Asteroid 2006 QQ23 Pose No Threat Of Impact With Earth

NASA  JPL-Caltech

NASA JPL-Caltech

Scientists have been aware of its existence since 2006, Paul Chodas, director of NASA's Center for Near Earth Object Studies, told ABC News.

A larger object, asteroid 2000 QW7 is expected to pass even closer to the earth - at about 3.5 million miles away - on September 14.

According to NASA, at least 95% of asteroids have been catalogued and none of pose a direct threat to Earth.

Asteroids flying past Earth, even big ones, are now more common than before - especially since NASA's Jet Propulsion Laboratory can track these celestial objects. "We have objects, asteroids of this size that pass within 5 million miles of the earth six, seven times out of the year".

An expert at the National Astronomical Research Institute of Thailand made a decision to speak up to reduce the panic surrounding the Asteroid 2006 QQ23, which is double the height of Baiyoke II Tower in Bangkok, would have hit Planet Earth on Saturday. At this distance, it can be classified as a near-Earth asteroid.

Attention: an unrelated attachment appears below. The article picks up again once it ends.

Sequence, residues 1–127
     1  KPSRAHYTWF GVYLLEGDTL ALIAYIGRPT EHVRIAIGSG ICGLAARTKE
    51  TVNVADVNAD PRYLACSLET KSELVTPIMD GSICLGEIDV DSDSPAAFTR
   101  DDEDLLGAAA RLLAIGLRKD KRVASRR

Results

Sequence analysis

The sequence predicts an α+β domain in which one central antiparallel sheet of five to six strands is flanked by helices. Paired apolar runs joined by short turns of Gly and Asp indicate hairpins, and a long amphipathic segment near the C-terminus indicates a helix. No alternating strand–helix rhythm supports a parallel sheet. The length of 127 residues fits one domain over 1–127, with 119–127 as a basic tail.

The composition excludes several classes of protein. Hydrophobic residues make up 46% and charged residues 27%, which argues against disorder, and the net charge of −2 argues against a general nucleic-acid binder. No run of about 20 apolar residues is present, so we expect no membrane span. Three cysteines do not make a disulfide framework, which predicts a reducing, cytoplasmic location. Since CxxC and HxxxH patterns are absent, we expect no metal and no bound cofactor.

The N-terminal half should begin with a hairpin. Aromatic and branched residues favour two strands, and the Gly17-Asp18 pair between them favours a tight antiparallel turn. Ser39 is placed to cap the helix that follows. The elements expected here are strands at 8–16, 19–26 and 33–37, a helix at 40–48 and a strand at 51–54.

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Even Neil deGrasse Tyson, the American scientist who has made his career explaining physics to the layman, also believes that eventually, the end of the world is probably going to be due a huge asteroid hit. It orbits the Sun at a distance of 85-154 kilometers. But, considering their frequency, scientists believe it's only a matter of time before one of them gets pulled in by Earth's gravity and plumments onto our planet's surface.

Then one of many scientists responded that we'd use area ships to offer a nudge to the asteroid. "This is a rock that's the size of a skyscraper".

According to CNEOS, the asteroid will fly past Earth on August 11 at 8:14 pm EDT. According to CNEOS, the last time the asteroid approached Earth was on July 29, 2018. In a simulation released by NASA back in May, an asteroid with the similarities of 2006 QQ23 may cause massive loss of one million three hundred thousand (1.3m) people.

"Someday the earth will be impacted again", he said.

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